In the ensuing 600 miles there has been a slow-puncture in the near-side rear tubeless Dunlop Gold Seal, which has defeated my ambition to run for a year without changing a wheel. And I must say I prefer the old-fashioned screw-jack to the flexible affair provided with the car. In the 900 miles covered since the engine overhaul a pint of Castrolite has been consumed.
The engine now has a tendency to stall and it runs lumpily at low speeds. A window catch has broken off due to faulty material, and the driver’s door-lock has ceased to function, rendering the car thief-prone. However, I have had very good motoring in my minibric or minibox even if, at times, I have wished that it had been rather better sewn together. I stand by my statement – the B.M.C. twins to AD015 specification are the finest miniature, or very-small, cars in the world.
Impressions of the Morris Mini-Traveller
Quite why we do not all drive station wagons I do not know. At one time their extra carrying capacity was bought at the expense of poor road-holding (due to overhang), noise (due, mainly, to rattles from the back doors) and poor heating (because heaters couldn’t cope with the vast interior space). Today these objections do not apply to decently-contrived shooting brakes and even if you don’t shoot, are not landed gentry, or railway-minded, the shooting brake, estate car or station wagon seems a logical vehicle for family or business motoring.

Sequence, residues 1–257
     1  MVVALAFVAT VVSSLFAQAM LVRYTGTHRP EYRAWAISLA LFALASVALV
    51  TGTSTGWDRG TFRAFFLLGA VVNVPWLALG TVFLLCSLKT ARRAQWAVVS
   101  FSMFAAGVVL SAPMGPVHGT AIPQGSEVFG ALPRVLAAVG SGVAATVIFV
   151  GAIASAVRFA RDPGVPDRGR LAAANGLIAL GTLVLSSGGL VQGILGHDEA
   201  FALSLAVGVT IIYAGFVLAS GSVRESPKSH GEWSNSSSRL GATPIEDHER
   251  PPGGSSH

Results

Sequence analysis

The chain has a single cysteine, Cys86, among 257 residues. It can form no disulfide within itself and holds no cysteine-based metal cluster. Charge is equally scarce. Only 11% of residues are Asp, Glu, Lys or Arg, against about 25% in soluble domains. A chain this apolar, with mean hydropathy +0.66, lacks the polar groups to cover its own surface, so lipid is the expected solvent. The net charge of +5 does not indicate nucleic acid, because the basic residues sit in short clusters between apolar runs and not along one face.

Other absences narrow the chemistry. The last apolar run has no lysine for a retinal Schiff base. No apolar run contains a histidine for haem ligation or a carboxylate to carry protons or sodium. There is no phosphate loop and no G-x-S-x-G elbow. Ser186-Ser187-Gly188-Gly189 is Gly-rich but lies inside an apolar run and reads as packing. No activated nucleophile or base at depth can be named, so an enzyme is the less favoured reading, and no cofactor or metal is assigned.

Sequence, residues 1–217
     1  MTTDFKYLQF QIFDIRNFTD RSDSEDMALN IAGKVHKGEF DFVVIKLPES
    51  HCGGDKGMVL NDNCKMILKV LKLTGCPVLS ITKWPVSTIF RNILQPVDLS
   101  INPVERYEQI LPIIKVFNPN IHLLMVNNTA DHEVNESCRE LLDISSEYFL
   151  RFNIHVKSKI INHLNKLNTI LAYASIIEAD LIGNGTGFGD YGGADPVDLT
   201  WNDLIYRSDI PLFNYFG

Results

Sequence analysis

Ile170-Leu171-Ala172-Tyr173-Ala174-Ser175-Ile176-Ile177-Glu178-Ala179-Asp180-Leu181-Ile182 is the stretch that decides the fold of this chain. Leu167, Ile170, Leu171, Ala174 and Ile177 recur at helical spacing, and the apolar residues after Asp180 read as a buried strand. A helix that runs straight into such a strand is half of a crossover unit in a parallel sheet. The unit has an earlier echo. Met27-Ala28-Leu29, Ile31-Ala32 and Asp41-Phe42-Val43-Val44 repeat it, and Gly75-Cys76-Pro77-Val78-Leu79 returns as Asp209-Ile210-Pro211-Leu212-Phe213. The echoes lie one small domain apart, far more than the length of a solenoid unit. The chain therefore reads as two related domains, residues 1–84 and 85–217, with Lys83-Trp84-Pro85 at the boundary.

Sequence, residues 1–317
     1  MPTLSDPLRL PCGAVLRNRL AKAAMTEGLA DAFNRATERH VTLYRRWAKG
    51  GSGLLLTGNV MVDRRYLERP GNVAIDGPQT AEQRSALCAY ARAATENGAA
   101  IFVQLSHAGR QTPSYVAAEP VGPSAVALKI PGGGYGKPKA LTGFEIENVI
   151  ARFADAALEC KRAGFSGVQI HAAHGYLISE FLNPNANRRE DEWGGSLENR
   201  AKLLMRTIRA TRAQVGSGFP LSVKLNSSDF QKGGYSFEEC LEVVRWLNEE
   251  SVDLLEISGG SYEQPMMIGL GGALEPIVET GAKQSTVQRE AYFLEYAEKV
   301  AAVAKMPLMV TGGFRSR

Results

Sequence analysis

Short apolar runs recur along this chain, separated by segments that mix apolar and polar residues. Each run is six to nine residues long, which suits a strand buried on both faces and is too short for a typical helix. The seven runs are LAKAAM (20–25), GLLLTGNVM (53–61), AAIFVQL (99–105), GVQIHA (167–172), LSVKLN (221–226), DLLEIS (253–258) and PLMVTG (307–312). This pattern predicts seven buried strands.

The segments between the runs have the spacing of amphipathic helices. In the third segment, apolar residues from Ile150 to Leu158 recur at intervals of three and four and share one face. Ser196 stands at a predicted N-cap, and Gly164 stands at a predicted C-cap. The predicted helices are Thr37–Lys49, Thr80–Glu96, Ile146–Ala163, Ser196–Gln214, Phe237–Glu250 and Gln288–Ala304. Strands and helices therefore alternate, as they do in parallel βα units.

B.M.C. do it extremely well in the Morris Mini-Traveller I have enjoyed for 570 miles. This handsome mini-brake is basically the same as the popular B.M.C. Mini-twins which now teem like ants about our roads, except for a longer wheelbase (by 4-5/32 in.) and its practical bodywork. Probably because of the extra window space there just isn’t any impression of being in a miniature vehicle, while the level of quietness has improved so much over the early minibrics that a loose beading on the off-side rear parcels well proved a source of irritation. The interior trim has improved and some but not all of the sharp edges have been eliminated, but the heater, although adequate for comfort, does not prevent the windows from misting up, which lack of visibility in such a large area of glass can be dangerous. There was a slight tendency for the driver’s door to stick and one of his windows not to slide freely. Otherwise, no complaints and much praise for this practical version of a very popular very small car.